If you're thinking about switching to VMware, or are currently using it, you might be wondering about the differences between VMware NSX editions. There are two current versions: VMware NSX-V and VMware NSX-T. You may also wonder whether you can continue using the older version, VMware NSX-V, or whether you might need to consider upgrading to the newer NSX-T.
Primarily, the differences between the NSX-T and NSX-V editions have to do with core dependencies. If you're thinking about adopting VMware, you should go with the most recent version — NSX-T. Migration may not be necessary immediately, but it will be eventually.
Here's what you need to know about your VMware installation, as well as a thorough VMware NSX comparison.
NSX-V is the original version of VMware NSX. VMware NSX was initially designed around VMware vSphere and consequently has some substantial dependencies on the VMware vSphere ecosystem. These dependencies ultimately held the system back and made the process of deployment and management more difficult.
NSX-T is the newest version of VMware NSX. NSX-T is unlocked from the VMware vSphere; it's not dependent on the VMware vSphere ecosystem to operate. Otherwise, the products are very similar. A transition from one product to another won't require significant modifications, adjustment, or training. An MSP can provide the necessary support.
Like VMware NSX-V, VMware NSX-T is used for public clouds, multi-cloud environments, and cloud-native applications. It can be used for anything that NSX-V can; it's a direct evolution of the system. There's little reason for an organization to continue using NSX-V over NSX-T, although some may want to delay a migration through fears of disruption.
While there are two VMware NSX editions, there's really only one that matters. When it comes to NSX T vs NSX V, NSX T is the more modern and flexible solution. The older version has already been discontinued and will soon lack support.
NSX-V should provide the features that most organizations already need to manage their virtual networks. So, why would a company need to migrate to NSX-T? It has to do with continued support and the future of the software system.
Back in 2018, VMware announced that they would be officially ending support for VMware NSX-V. On January 16, 2022, NSX-V will end its support life. On January 16, 2023, NSX-V will no longer have technical guidance provided for it. This means that companies really don't have a choice of migrating between NSX-V to NSX-T. They don't need to do so right away, but they are going to have to do so eventually.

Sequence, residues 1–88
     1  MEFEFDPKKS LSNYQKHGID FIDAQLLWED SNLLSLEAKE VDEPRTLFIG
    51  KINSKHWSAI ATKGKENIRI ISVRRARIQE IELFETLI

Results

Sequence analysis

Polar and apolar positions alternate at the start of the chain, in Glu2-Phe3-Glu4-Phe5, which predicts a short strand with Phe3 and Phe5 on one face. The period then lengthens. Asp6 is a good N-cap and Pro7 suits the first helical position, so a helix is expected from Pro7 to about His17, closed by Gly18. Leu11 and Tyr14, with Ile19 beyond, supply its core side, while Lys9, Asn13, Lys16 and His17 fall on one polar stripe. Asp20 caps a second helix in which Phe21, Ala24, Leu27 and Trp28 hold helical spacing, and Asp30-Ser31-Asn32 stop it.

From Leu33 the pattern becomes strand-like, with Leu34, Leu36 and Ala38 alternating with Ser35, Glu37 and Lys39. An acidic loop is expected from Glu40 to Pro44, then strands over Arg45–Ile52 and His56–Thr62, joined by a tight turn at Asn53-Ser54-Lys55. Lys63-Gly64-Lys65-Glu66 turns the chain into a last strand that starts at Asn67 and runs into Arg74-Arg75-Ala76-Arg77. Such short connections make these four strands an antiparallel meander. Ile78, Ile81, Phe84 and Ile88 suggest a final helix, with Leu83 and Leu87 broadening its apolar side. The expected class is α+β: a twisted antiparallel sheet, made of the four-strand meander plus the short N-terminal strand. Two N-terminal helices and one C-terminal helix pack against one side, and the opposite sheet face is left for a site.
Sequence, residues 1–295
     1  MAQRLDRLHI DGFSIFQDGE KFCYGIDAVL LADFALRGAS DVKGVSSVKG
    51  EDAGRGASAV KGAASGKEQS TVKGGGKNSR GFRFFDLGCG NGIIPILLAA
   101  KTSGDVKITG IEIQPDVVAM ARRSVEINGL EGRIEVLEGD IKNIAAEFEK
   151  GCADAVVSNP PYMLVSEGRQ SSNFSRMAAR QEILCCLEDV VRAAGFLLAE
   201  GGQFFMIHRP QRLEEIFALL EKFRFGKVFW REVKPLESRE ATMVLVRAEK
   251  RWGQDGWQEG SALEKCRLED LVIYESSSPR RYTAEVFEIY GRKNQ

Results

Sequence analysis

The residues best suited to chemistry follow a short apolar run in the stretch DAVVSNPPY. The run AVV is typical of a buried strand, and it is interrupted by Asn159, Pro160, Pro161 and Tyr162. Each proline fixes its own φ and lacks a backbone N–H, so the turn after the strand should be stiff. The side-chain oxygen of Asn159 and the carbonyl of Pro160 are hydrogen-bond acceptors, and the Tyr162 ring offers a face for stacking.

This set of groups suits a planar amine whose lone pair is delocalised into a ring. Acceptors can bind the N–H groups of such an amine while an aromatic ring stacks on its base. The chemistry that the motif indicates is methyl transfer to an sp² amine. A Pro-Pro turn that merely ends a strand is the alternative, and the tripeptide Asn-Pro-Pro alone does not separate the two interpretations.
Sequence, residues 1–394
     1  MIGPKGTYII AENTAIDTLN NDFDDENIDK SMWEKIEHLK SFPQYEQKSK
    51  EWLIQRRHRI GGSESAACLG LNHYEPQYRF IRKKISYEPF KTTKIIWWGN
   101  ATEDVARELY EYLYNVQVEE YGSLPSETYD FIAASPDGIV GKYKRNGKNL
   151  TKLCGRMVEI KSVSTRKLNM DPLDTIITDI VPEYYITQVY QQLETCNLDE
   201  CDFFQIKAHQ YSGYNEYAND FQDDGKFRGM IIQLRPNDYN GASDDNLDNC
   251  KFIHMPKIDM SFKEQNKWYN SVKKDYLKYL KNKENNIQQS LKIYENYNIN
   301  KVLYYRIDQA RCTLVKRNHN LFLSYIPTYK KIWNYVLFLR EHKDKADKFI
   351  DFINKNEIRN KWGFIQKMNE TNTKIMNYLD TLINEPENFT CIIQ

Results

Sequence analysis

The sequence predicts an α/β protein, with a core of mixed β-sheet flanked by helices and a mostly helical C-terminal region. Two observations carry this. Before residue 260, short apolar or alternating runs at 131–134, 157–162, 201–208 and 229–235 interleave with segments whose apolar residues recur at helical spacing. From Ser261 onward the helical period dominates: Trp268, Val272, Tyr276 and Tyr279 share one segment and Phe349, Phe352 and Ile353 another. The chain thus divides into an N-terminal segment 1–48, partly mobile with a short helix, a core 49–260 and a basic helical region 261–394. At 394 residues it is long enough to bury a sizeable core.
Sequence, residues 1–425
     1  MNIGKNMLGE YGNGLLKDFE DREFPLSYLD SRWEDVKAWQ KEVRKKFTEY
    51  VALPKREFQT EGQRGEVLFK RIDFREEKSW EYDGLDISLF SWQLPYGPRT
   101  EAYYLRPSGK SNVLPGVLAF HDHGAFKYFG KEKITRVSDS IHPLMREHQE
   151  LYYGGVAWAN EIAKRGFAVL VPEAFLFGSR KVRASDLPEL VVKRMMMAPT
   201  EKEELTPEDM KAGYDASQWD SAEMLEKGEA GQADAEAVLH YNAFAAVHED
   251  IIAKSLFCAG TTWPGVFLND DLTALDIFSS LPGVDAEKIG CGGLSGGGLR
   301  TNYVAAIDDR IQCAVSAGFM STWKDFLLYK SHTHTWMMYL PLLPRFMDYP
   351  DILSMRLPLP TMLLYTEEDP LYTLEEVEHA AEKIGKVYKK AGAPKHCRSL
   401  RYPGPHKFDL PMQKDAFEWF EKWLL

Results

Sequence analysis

End of support is significant. Following 2022, NSX-V won't have support or patches and bug fixes, which could ultimately lead to significant security issues. There won't be any upgrades or improvements. Troubleshooting won't be available if any issues do occur. And integration with newer solutions will wane. Companies do have some time to migrate from NSX-V to NSX-T, but that time is quickly disappearing.
Any companies that are looking into installing new deployments should also avoid the NSX-V version for exactly this reason. Even if NSX-V suits the organization's needs temporarily, it won't be able to continue to do so after 2022.
Many organizations that are currently running VMware NSX-V are interested in upgrading to VMware NSX-T. There are two methods of migration: in-parallel and in-place. Because the versions of NSX are so similar, there shouldn't be any substantial disruption or need for significant re-training.
During in-parallel migration, the organization will deploy an NSX-T installation alongside the existing NSX-V installation. This prevents disruption. Within a parallel migration, the organization can choose to shift new workloads to NSX-T over time (by deploying new workloads to NSX-T and eventually deprecating NSX-V), or the organization can shift all the workloads at once. The downside of this type of migration is that it can take some time to complete the migration. Further, it can be somewhat confusing while the process is on-going, and it does require that both platforms be run in tandem.
During in-place migration, the organization instead uses the NSX-T Data Center's migration coordinator tool. The migration coordinator tool essentially just replaces the NSX-V installation with an installation of NSX-T. The tool allows the administrator to walk through a step-by-step migration workflow. Anyone should be able to complete the in-place migration with few issues, though they may want to engage with an MSP – an MSP can help build contingencies in the event that issues do occur.
Before migrating the system, the administrator will need to install NSX-T and NSX-T Edges. They will then need to provide a TEP Pool, create a Compute Manager, and ensure that the NSX-V version they have is stable with no pending updates. Once they have prepared the environment, the migration solution will handle everything for them.
VMware NSX is a popular and powerful software-defined networking solution. With superb capabilities in the areas of micro-segmentation, multi-cloud networking, network automation, and cloud-native applications, VMware NSX is one of the best solutions for network and security management. Whether your organization is running NSX-V or NSX-T, you should be able to save a significant amount in operating and capital expenditures. But migration is going to be a serious upcoming need for those who are still using NSX-V.
Are you interested in learning more about VMware technology? Do you need to perform an NSX migration? While you may be the data center expert, we're the experts in the technology that modern enterprises need to thrive. We believe that innovation doesn't happen by accident. Contact us today at R2 Unified Technologies to find out more.